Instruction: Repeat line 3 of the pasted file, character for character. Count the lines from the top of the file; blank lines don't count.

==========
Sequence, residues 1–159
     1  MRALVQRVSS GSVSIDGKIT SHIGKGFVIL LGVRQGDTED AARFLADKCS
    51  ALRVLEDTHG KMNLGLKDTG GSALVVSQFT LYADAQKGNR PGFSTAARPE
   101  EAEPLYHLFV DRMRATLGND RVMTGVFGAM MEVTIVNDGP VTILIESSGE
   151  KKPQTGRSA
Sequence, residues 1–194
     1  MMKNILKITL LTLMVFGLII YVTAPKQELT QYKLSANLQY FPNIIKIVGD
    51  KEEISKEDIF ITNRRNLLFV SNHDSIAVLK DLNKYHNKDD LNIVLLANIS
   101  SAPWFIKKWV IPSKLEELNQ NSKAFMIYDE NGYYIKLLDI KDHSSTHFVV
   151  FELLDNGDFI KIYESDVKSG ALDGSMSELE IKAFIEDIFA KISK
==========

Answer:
    51  ALRVLEDTHG KMNLGLKDTG GSALVVSQFT LYADAQKGNR PGFSTAARPE